• Is nuclear power the safest energy in the world?
  • Do you believe GMOs are safe?
  • Do your chromosomes have anything to do with determining sex? What role do they play in a person’s gender, if any?

And so on. Some of these questions would put Democratic candidates in the uncomfortable position of choosing between “science” and/or acceptable mainstream opinion on one hand, and key elements of their base on the other. Which would be analogous to the evolution question Republicans get, except that these questions actually relate to legitimate public-policy questions.

There’s also one other key difference: Mainstream opinion actually aligns with key elements of the GOP base on evolution, and against the premise of the question Walker and other Republicans get.

You see, the evolution question is most of all ridiculous because it’s intended to create ridicule, even though this ridicule is laughably misplaced. In June 2012, Gallup reported that 46 percent of Americans subscribe to the creationist belief: that “God created human beings pretty much in their present form at one time within the last 10,000 years or so.” That figure includes a plurality of Democrats and independents, a plurality of college graduates, and even a quarter of those who “attend church seldom or never.”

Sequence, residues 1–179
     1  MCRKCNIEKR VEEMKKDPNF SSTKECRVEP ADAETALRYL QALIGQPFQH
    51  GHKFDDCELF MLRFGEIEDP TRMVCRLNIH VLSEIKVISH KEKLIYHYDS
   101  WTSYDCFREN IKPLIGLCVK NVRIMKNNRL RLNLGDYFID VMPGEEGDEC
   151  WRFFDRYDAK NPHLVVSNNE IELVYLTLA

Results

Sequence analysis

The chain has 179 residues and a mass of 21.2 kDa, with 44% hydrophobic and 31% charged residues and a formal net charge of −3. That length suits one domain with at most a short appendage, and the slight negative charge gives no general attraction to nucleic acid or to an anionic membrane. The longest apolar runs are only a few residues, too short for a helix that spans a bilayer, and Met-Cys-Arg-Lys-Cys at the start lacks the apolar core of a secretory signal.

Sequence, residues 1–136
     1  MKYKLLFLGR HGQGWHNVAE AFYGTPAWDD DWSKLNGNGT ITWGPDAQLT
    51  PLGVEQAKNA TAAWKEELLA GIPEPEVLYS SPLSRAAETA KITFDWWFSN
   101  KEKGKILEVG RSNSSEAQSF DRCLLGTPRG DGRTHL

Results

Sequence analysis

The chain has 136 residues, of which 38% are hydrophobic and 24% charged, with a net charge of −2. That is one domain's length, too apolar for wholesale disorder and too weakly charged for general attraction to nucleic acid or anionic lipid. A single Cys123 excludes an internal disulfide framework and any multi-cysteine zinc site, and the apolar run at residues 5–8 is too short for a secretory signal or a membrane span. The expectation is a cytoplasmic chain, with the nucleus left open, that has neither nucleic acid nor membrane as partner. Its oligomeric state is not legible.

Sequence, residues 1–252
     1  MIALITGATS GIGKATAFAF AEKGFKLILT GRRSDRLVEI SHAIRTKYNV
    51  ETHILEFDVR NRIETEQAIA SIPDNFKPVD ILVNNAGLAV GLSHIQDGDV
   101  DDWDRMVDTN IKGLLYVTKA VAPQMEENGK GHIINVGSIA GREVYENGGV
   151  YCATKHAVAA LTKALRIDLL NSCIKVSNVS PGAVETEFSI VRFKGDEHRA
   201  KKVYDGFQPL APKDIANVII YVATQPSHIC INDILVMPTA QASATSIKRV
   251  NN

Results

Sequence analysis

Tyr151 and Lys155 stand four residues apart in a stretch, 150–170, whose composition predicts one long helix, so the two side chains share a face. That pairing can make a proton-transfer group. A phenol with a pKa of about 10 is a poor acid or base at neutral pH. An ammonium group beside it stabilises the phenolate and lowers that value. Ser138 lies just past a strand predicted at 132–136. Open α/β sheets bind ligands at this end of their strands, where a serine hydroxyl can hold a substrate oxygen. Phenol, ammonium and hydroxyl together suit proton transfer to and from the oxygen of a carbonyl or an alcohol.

Another 32 percent, including the second-largest number of Democrats and independents as well as college graduates, believe “Human beings have developed over millions of years from less advanced forms of life, but God guided the process.”

A mere 15 percent of Americans subscribe to the view that almost certainly represents the premise for the Republicans-on-evolution question: that “Human beings have developed over millions of years from less advanced forms of life, but God had no part in this process.”

So, taken together, 78 percent of Americans believe something that would most likely earn them ridicule from the people asking Republicans questions about evolution. Just 15 percent presumably would earn the questioner’s approval. And this tells somehow tells us something is wrong with … Scott Walker?

That, and the ridicule which greeted Walker’s punt — but which did not greet Nancy Pelosi’s refusal to answer the 20-week-old fetus question, or Barack Obama’s dodge of a question about whether unborn children have rights — are quintessential examples of what many people regard as media bias. And in this case, if not many others, they unfortunately appear to be right.

Reader Comments 0

99 comments
GMFA
GMFA

Palin was set up by Couric as know one should ever be asked what newspapers they read! Sometimes I even get confused and say ABC instead of AJC.

JohnnyReb
JohnnyReb

The God deniers arguments don't hold water and their feeble attempts to disparage believers only shows their ignorance.